Researchers at the Indian Institute of Science have recently shown that combining two of the building blocks in nanotechnology, quantum dots and nanorods, leads to enhanced light emission properties. This may find applications in novel display screens, photodetectors and solar energy applications.
Quantum dots, which are nanometer sized spheres can produce different colours, depending on their size, when light falls on them. This happens via photoluminescence, which is the property of a material to emit light at a unique frequency (color) when light of the same or a higher frequency falls on it. Thus, displays may be constructed by using three different sizes of quantum dots as R, G, B elements and illuminating them with a single source of light. Quantum dot displays are also advantageous from the miniaturisation perspective compared to the current displays, which use LEDs that have a limit on scaling down.
Writing in Applied Physics Letters, Dr. Tripathi and team show that when densely packed semiconductor quantum dots are sparsely decorated with aligned gold nanorods, the photoluminescence of the device is enhanced. Nanorods are a key component here as they have the property to generate large electric fields when light falls on them. They thus act like nano-antennae. That the nanorods are aligned also makes this assembly sensitive to the polarisation of the light falling on it.
Researchers are always looking for ways to improve the interaction of light and matter, as this will increase the efficiency of many optical devices. In this work, lead by Prof. Basu, the photoluminescence enhancement is a result of the long range interactions in quantum dots enhanced by the nanorods. Put simply, when light falls on the quantum dots they talk to each other via electrical signals, the nanorods act as tiny antennae to boost up these signals and as a result the amount of light output is amplified.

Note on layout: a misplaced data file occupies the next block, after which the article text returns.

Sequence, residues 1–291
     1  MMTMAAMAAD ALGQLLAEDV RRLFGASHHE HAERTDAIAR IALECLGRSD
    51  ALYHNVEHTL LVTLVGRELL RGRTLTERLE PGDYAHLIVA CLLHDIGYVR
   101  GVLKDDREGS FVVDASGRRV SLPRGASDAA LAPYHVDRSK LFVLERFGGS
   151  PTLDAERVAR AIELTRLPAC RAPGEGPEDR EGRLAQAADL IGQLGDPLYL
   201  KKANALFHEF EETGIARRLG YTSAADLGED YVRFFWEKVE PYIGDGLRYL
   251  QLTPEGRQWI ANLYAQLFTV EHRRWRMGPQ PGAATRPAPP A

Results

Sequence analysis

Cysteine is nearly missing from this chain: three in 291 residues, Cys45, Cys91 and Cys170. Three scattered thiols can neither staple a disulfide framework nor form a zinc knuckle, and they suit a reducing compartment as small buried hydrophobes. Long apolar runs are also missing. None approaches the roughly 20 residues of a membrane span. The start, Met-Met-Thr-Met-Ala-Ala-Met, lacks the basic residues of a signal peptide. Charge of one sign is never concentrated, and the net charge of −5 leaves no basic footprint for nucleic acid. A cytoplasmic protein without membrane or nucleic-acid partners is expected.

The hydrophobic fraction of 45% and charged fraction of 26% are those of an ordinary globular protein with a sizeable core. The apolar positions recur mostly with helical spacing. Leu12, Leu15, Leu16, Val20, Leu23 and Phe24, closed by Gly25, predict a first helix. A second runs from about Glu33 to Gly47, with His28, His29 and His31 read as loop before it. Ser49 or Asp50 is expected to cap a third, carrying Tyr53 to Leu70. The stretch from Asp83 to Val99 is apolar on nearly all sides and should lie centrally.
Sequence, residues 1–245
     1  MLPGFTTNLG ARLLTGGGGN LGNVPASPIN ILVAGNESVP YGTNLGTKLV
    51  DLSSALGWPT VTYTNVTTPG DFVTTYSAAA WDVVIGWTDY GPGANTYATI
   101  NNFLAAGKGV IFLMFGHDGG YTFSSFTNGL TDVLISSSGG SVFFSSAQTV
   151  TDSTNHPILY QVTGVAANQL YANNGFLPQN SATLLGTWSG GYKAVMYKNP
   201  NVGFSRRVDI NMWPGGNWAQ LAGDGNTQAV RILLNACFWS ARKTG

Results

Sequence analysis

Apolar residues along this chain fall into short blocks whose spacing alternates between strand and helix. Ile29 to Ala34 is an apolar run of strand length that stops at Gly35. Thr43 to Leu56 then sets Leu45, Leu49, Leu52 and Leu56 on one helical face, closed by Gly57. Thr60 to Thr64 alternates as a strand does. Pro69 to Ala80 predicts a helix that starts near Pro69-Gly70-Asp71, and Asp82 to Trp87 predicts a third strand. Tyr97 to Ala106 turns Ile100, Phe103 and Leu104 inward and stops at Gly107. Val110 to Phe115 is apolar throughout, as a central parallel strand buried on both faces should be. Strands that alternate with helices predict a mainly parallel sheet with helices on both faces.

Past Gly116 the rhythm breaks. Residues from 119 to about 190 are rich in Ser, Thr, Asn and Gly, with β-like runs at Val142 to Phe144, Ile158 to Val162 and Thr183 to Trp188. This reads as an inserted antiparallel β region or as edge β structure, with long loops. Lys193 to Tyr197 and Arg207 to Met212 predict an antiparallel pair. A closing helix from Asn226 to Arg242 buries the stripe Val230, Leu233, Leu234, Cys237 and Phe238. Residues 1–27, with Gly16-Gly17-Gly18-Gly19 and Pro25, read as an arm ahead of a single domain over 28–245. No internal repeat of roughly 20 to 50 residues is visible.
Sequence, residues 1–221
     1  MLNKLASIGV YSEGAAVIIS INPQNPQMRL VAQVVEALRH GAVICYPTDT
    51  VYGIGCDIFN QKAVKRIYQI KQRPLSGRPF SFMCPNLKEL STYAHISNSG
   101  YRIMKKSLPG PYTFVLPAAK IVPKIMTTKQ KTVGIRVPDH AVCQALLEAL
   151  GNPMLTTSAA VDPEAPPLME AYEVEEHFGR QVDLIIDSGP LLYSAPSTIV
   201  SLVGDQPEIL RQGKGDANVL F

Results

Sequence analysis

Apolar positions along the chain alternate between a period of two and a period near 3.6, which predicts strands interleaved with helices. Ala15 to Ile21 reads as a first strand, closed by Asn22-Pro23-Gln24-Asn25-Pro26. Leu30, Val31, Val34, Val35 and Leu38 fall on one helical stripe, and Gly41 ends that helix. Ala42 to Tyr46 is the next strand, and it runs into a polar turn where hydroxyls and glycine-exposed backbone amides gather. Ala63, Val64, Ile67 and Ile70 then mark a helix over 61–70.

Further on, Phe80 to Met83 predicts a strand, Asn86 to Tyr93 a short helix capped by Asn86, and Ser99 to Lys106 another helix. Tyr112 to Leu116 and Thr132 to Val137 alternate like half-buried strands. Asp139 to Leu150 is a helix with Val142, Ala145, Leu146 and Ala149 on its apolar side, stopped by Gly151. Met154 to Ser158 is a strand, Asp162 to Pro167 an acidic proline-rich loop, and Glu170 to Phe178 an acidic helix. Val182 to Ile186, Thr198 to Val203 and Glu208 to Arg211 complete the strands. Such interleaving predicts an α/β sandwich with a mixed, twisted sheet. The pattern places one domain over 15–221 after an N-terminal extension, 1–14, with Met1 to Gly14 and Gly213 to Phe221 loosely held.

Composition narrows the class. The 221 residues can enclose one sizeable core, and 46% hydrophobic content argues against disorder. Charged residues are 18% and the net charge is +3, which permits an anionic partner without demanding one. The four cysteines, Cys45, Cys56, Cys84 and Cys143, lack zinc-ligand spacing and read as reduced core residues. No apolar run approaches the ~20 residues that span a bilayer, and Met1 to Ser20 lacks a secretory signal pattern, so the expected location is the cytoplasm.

“Our results have enormous prospects for both further fundamental studies as well as application in photo-voltaic and display industries.” said Dr. Tripathi. The sensitivity of their device to the polarisation of the light falling on it may also have potential light sensing applications. We shall however keep a keener eye on any smarter displays that result out of this work.
About the authors
Jaydeep Basu is an Associate Professor at the Department of Physics, IISc. L N Tripathi is presently at the Center for Subwavelength Optics, Department of Physics and Astronomy, Seoul National University, South Korea. Pranay Valson is at FUSION-EP, Erasmus Mundus, Institute of Interfacial Process Engineering and Plasma Technology (IGVP), Universitt Stuttgart, Germany. M Praveena is at the Department of Physics, IISc. Both Tripathi and Pranay were at the Department of Physics before moing abroad.
Contact: Jaydeep Basu. 080- 2293 3281, firstname.lastname@example.org.
The paper has appeared in the latest issue of the journal Applied Physics Letters. It can be accesses at http://dx.doi.org/10.1063/1.4900521.